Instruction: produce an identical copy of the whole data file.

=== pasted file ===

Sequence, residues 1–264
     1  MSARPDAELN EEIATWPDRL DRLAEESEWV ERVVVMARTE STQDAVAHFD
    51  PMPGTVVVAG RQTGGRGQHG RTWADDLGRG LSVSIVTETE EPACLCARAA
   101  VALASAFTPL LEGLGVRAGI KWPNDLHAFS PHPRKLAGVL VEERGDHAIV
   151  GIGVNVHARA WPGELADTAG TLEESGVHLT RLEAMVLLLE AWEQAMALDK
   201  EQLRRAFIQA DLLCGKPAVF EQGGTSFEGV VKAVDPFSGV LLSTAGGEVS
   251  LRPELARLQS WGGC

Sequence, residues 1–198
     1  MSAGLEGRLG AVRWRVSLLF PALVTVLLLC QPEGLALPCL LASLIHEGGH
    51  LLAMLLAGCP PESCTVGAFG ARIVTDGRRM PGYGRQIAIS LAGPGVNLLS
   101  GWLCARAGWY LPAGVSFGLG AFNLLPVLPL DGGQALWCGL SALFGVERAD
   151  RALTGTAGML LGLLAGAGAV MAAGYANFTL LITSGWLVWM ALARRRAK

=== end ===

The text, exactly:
Sequence, residues 1–264
     1  MSARPDAELN EEIATWPDRL DRLAEESEWV ERVVVMARTE STQDAVAHFD
    51  PMPGTVVVAG RQTGGRGQHG RTWADDLGRG LSVSIVTETE EPACLCARAA
   101  VALASAFTPL LEGLGVRAGI KWPNDLHAFS PHPRKLAGVL VEERGDHAIV
   151  GIGVNVHARA WPGELADTAG TLEESGVHLT RLEAMVLLLE AWEQAMALDK
   201  EQLRRAFIQA DLLCGKPAVF EQGGTSFEGV VKAVDPFSGV LLSTAGGEVS
   251  LRPELARLQS WGGC

Sequence, residues 1–198
     1  MSAGLEGRLG AVRWRVSLLF PALVTVLLLC QPEGLALPCL LASLIHEGGH
    51  LLAMLLAGCP PESCTVGAFG ARIVTDGRRM PGYGRQIAIS LAGPGVNLLS
   101  GWLCARAGWY LPAGVSFGLG AFNLLPVLPL DGGQALWCGL SALFGVERAD
   151  RALTGTAGML LGLLAGAGAV MAAGYANFTL LITSGWLVWM ALARRRAK